Dec 3 (Reuters) - U.S. bankruptcy filings fell last month to their lowest in more than 14 years, according to data compiled by Epiq Systems and provided by the American Bankruptcy Institute, a jarring disconnect with a worsening economic outlook as COVID-19 cases surge.
The 34,440 bankruptcy filings of all types in November was the lowest monthly total since January 2006, driven by a decline in non-commercial filings.
“These historic low bankruptcy filings reflect the overall uncertainty about our economic recovery,” said Deirdre O’Connor, managing director of corporate restructuring at Epiq.
“Bankruptcy is a legal tool to restructure but in this unknown financial environment, the benefit from seeking bankruptcy protection is unclear for individuals, families, and even large companies.”
Still, filings of the Chapter 11 bankruptcies used by companies to restructure their debts jumped 40% to 654 last month, from 449 in November 2019, the data shows.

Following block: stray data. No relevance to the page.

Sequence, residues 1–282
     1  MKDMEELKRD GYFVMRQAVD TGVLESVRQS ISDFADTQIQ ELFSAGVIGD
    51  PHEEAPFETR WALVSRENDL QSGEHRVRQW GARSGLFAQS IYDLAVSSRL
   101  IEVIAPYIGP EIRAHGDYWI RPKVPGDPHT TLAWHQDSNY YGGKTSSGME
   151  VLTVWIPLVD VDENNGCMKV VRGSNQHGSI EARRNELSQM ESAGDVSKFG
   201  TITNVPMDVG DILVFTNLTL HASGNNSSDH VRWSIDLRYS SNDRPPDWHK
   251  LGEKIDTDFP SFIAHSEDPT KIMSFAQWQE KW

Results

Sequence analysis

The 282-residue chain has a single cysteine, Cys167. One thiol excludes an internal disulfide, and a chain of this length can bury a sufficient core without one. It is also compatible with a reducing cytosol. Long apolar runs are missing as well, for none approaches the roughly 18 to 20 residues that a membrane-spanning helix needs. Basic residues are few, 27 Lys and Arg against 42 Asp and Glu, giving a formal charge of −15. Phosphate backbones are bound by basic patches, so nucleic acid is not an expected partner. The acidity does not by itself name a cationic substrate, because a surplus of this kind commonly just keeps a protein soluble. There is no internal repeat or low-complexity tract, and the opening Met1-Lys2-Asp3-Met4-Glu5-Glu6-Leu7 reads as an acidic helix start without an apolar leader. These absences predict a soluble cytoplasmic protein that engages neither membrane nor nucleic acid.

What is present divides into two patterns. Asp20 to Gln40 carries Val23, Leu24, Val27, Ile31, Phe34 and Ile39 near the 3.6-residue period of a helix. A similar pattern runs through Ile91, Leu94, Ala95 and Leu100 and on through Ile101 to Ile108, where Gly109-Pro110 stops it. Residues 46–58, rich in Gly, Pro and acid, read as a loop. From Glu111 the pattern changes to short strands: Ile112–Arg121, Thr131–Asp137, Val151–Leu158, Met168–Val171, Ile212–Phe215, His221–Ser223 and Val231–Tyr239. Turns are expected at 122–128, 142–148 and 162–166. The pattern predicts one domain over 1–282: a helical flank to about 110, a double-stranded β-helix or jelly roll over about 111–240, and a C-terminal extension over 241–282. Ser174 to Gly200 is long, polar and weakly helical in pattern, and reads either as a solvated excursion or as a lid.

New cases of COVID-19 have surged in the United States in recent weeks, prompting many people to stay at home more and some local authorities to shut some businesses to contain the spread.
But unlike in March when the first lockdowns were imposed and threw the economy into a sharp recession, developers of vaccines are moving closer to government approvals. That potentially clears the way for the first inoculations to start within weeks and mass distribution within months.
Economists expect a vaccine rollout to set the stage for faster economic growth next year.
Government programs that have helped households stave off bankruptcy, including eviction moratoriums and extended unemployment benefits, are slated to run out at the end of the year. Lawmakers in Washington have revived negotations over a new pandemic relief package in recent days. (Reporting by Ann Saphir; Editing by Karishma Singh and Jane Wardell)
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